In 1983, at the tender age of 14, I met Mister Rogers. 

I was with a few other young people and we came to his hotel room in New York City to interview him.  Mister Rogers was in town to promote a book he had written about grandparents.  At that time, I was a youth journalist in a journalism program in Manhattan for children ages 8-18 years old; called Children’s Express.  Young people would get in groups of five or so and go out and interview people on issues connected to youth.  We did stories on homelessness, latch key kids, young people with disabilities and we also covered the Presidential National Conventions.  On this day the adult children’s editor had assigned us go meet Mister Rogers and learn about the book and his feelings on parenting and grandparenting.  I had wanted to work on this story very badly because I felt the need to tell him a story, something we were trained to not do as journalists.

As a preschool child I loved Mister Rogers so much!  I’d watch his show every day and see his face look right at me to say I was special; life was okay, and friendships were possible.  I had been bullied and life at home was very hard as well. Mister Rogers was hope and curiosity all at the same time at the young age of five.  And, wow, did I love Lady Aberlin!  So, when he came to New York for a live show; my mom took me to see him.  I was five or six and it probably cost a lot more than they had to spare but my love was strong, so my parents splurged.  The day we went to see him was so magical.  My mom never really took me places, it was always my dad who took me on adventures, and she was in a light and excited mood.  I think she loved Mister Rogers too.  It was special because it was rare that my mom was with me alone given my brother was only one or two years old.  I remember the room was large and the stage was very low to the ground; there were screaming kids and parents everywhere and the scene seemed chaotic.  I see in my minds’ eye the stage with the train tracks and trolley, the small houses and the colors all familiar. My excitement was unbearable, finally I would get to see Mister Rogers and Lady Aberlin. I loved her voice and her kindness and ease, and it felt like she was singing just to me.  The show began and HE came out and introduced all the other cast members and then the puppets came out and kids were excited and happy.  I was not.  I became disenchanted.  The magic got lost in seeing the reality. The spell just broke.  I don’t remember the rest of the day.  I assume we had a good time afterwards being in The City.  After that visit though, I never watched another Mister Rogers episode.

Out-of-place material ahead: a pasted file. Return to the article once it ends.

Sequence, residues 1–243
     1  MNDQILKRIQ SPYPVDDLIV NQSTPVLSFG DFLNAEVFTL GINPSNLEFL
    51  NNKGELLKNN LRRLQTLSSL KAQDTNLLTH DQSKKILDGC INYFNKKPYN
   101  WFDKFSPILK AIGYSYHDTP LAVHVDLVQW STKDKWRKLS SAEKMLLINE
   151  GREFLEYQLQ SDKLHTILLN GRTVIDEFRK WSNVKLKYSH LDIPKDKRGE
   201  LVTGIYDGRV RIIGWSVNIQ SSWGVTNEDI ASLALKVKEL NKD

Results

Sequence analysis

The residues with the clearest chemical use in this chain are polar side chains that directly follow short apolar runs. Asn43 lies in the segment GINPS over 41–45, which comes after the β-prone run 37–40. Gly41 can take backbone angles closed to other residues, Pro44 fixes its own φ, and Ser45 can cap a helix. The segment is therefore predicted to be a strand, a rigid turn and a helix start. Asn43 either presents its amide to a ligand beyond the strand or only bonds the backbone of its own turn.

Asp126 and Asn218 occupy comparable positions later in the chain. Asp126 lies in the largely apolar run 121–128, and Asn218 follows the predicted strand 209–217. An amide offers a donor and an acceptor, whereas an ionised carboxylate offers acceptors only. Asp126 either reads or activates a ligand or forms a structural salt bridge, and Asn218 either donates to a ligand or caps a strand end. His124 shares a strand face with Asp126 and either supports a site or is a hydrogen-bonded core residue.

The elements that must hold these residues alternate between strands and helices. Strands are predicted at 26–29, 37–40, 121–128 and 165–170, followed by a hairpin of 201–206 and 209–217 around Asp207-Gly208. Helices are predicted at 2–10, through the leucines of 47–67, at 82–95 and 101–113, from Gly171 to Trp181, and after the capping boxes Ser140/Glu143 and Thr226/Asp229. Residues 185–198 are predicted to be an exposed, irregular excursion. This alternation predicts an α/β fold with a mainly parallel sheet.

After 12 years of puzzling over this; I now had a chance to explore what happened as a five-year-old when the magic was broken with Mister Rogers.  It never occurred to that he might not want to explore the topic; I never thought he would be anything other than loving and kind.   We got to his hotel room and explained the interview, got comfortable and began with setting up the tape recorder and allowing the younger people to ask all the questions.  As an older member my role was to make sure the younger kids had the chance to speak and ask questions.  I wasn’t allowed to intervene unless they got stuck.  I impatiently waited for the kids to be done and the interview over. Once we were done Mister Rogers introduced us to David Newell who was Mister McFeeley on the show and we got to have the wonder of discovering how movie magic works given how unfamiliar he was out of costume.  My chance came when his attention wandered over to me and I shared my story.  He had eyes with such warmth and kindness and his interest was laser focused.  He then asked me all these questions about the day and my feelings and my thoughts about what had happened and why I thought the switch turned off so suddenly.  There were more questions than answers; yet I got what I came for in those minutes. 

Attention, care, curiosity and hope were all in one exchange.  An exchange that has left me with the sense that people need attending and that sometimes I can be the one who gets the loving kindness.  In fact, what I have learned is that I must get the loving kindness first in order to spread ways to give it to others and find tools that open others up to loving kindness.  When I am feeling alone those loving eyes bolster me. 

Below is a link to a Loving Kindness guided meditation that I use often with clients and with myself.  Creating your own Loving Kindness meditation can also be very helpful.  Today mine might look like this:

May I feel the warmth of others like sun on my face

May I care for myself with acceptance

May courage and vulnerability connect me to my deeper self

May I live with ease

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